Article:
Speed cameras could soon detect car tax evaders in new crackdown on offenders


Experts at IAM RoadSmart had urged police to consider better utilising existing equipment to check whether drivers have a range of documents in place. They say these checks should include whether drivers valid insurance, MOT and Vehicle Excise Duty (VED) up to date.

“But it should not be overlooked the suffering that drivers of vehicles which are uninsured, unlicensed and without a valid MOT can cause other road users.”

Police ANPR cameras are currently installed with advanced technology able to read number plates but this is not installed widespread across the network.

Police ANPR cameras automatically read every number plate and check it against a database of vehicles of interest.

This can trigger an alert if a vehicle is known to be linked to a range of offences.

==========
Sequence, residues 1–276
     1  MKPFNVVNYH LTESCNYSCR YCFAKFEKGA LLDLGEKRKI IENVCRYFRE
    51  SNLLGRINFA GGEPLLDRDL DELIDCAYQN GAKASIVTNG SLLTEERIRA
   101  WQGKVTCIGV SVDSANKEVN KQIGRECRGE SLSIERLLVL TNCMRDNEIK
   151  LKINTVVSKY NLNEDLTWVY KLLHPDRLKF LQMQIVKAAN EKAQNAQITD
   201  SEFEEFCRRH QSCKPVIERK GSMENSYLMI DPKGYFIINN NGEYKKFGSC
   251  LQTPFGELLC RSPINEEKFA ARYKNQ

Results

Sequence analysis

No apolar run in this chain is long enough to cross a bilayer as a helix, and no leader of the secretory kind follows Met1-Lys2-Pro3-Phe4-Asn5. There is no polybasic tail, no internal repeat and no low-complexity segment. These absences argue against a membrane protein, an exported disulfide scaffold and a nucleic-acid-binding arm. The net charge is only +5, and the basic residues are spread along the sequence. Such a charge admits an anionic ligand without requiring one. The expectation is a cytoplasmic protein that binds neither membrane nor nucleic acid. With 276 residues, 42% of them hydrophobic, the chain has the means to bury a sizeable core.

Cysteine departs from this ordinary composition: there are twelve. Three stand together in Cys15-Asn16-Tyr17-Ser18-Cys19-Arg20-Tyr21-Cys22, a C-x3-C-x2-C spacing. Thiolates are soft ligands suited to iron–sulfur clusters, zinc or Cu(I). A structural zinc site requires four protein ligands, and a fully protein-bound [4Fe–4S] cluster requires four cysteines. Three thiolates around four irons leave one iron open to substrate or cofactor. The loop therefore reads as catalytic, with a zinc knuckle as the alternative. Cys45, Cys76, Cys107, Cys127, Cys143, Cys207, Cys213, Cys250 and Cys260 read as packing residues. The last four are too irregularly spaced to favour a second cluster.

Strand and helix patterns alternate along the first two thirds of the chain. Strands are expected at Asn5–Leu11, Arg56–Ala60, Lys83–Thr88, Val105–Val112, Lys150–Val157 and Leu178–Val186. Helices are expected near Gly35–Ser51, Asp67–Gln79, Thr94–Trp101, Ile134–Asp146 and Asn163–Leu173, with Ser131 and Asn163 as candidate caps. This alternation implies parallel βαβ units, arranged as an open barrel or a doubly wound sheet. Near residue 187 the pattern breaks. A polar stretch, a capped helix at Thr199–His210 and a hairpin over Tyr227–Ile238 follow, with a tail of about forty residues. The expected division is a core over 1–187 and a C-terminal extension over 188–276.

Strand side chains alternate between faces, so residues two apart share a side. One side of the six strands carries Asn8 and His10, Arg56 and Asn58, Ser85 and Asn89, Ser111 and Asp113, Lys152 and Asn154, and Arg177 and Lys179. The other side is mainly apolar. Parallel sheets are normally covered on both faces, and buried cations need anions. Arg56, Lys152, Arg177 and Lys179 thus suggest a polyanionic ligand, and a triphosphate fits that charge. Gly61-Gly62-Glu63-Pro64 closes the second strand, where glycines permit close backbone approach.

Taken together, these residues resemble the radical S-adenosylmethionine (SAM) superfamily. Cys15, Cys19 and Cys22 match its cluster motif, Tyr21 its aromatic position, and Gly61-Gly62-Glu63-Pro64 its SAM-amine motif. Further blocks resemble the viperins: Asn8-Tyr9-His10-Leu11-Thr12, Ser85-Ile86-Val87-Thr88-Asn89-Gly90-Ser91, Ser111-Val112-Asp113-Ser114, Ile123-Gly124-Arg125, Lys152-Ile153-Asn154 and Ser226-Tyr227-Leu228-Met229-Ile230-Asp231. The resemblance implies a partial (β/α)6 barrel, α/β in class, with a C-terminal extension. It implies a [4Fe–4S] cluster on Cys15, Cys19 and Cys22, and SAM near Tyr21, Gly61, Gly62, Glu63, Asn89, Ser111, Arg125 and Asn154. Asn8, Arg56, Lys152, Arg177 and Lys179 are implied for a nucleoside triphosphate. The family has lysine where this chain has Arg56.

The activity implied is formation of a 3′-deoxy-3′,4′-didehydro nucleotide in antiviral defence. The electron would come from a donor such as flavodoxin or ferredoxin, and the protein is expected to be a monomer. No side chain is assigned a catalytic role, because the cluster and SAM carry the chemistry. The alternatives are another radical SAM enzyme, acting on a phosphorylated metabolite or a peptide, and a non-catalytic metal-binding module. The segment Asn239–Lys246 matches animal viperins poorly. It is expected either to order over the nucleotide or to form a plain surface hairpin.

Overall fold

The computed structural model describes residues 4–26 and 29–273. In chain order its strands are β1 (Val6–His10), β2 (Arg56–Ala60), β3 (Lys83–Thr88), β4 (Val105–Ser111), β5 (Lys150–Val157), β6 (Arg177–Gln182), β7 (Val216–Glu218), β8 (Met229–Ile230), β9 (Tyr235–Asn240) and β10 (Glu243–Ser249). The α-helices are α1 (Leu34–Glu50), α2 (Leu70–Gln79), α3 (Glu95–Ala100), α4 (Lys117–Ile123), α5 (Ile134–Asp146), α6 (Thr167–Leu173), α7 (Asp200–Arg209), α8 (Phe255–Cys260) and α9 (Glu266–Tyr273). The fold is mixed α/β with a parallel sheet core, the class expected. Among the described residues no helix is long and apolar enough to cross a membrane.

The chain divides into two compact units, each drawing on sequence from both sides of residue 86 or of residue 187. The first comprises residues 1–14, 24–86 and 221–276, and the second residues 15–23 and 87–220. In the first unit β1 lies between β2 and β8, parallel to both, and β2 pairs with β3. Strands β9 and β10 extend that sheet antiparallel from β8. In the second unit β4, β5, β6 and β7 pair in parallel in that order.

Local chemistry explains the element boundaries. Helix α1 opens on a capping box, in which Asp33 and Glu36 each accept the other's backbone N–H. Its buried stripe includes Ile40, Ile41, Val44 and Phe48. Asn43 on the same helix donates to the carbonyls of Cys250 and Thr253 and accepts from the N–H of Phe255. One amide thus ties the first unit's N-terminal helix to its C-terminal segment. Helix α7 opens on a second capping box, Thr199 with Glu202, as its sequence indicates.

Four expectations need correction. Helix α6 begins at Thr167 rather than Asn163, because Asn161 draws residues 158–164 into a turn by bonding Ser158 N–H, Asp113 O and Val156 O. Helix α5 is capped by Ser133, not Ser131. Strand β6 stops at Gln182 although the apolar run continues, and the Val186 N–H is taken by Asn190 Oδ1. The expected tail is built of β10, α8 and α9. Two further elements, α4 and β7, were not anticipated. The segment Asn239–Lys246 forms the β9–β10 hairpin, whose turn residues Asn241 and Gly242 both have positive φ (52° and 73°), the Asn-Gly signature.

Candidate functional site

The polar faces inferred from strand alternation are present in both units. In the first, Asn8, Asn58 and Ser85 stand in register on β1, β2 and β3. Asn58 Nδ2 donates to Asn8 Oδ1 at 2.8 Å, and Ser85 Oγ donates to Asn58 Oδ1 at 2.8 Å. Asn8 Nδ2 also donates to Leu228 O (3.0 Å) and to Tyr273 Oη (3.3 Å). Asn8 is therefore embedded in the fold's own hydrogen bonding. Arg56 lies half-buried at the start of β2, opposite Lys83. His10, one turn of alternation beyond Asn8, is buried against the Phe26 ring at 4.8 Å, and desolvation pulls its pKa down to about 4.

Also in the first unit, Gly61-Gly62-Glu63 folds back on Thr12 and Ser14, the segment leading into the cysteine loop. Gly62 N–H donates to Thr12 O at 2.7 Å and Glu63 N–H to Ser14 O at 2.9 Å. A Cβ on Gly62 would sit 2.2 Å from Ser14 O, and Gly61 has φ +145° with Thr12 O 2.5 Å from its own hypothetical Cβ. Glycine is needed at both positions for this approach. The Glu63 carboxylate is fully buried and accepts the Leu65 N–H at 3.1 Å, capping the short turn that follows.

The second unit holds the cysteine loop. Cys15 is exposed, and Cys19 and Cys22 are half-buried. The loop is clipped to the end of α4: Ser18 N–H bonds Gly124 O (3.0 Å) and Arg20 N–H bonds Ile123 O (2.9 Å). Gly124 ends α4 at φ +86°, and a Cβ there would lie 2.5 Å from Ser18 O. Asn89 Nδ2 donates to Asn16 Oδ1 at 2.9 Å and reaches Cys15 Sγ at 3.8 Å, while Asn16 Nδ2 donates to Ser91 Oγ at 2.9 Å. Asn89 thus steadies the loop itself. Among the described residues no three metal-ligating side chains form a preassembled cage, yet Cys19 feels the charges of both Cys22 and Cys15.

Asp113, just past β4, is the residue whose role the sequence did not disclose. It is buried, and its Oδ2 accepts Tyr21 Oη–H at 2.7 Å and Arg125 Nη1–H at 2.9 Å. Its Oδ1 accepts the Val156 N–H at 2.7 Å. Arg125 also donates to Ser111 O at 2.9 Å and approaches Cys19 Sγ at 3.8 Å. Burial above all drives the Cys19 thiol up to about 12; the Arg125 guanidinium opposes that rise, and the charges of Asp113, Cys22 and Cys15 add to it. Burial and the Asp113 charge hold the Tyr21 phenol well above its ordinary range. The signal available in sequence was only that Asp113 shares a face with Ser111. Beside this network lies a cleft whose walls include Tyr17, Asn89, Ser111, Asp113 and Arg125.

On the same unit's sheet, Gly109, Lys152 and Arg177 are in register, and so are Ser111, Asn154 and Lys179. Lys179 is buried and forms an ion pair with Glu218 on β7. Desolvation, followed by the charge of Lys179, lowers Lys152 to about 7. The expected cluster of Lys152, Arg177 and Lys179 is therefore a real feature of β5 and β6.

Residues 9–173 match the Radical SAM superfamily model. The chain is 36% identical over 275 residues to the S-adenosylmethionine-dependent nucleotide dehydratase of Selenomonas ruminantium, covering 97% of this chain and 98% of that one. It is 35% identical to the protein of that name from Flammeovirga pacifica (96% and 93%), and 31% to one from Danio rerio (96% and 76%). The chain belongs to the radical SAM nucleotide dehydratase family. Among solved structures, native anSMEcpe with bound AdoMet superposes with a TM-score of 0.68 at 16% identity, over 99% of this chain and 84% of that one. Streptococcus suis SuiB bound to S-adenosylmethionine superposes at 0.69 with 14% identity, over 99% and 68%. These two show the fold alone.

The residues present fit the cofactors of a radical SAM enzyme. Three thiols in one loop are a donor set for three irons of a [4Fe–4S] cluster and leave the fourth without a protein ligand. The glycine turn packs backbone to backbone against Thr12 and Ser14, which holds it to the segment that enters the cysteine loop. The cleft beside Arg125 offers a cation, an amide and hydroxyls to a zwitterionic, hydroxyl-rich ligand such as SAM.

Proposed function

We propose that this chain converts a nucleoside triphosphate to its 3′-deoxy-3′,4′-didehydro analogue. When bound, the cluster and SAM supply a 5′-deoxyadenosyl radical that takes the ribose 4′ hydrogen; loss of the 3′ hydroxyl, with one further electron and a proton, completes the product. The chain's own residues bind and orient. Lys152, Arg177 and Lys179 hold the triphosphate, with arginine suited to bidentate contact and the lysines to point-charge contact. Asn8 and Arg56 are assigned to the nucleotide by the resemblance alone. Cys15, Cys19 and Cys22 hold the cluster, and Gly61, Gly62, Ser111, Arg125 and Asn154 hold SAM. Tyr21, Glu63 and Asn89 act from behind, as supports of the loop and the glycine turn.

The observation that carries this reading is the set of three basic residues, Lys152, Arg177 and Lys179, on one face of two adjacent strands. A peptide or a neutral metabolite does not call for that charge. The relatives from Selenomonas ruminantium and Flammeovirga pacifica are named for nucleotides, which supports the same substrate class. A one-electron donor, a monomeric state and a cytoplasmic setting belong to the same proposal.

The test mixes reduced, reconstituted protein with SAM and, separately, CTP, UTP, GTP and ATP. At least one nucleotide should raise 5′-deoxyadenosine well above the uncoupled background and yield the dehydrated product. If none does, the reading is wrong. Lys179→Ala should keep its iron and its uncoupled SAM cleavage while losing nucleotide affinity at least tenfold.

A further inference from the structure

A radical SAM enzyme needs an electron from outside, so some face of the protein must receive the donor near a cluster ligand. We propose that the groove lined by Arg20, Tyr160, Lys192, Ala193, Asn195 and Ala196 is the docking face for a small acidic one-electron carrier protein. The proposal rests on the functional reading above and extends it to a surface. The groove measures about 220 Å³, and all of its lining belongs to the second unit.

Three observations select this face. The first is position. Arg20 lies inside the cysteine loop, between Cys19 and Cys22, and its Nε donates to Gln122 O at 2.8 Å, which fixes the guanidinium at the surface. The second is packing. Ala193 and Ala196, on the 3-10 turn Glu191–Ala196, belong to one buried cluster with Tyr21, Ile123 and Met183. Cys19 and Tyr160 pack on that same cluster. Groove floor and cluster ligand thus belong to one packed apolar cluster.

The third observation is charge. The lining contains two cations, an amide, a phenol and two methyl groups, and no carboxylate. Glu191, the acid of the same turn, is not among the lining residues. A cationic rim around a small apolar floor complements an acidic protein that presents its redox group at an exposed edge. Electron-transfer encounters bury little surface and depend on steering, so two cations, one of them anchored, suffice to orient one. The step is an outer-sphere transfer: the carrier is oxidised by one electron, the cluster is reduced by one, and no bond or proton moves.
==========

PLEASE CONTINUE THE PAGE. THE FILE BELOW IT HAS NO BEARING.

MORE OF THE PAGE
“If speed camera partnerships are issuing speeding tickets they should also follow up on a wider range of offences and this is backed by the vast majority of drivers.

“Getting lawbreakers off our roads could significantly help reduce the number of casualties caused by motorists with no regard for their motoring responsibilities.”

Data released last year revealed Belfast had the highest number of car tax evaders in the UK with over 78,500 cars not paying the charge.

Birmingham was the second-highest offending region with 61,500 drivers caught out while Glasgow was the third-highest offending area with 34,375 drivers avoiding charges.

DVLA Chief Executive Julie Lennard has previously warned there was no excuse” for drivers to avoid paying their car tax fees.

She said: “The number of untaxed vehicles on the road is falling, but we are determined to reduce this even further.

“We operate a range of measures to make vehicle tax easy to pay and hard to avoid, so there really is no excuse if you fail to tax your vehicle.

“While the vast majority of motorists do the right thing and tax correctly, this campaign highlights the real consequences that motorists face if they don’t tax their vehicles.”



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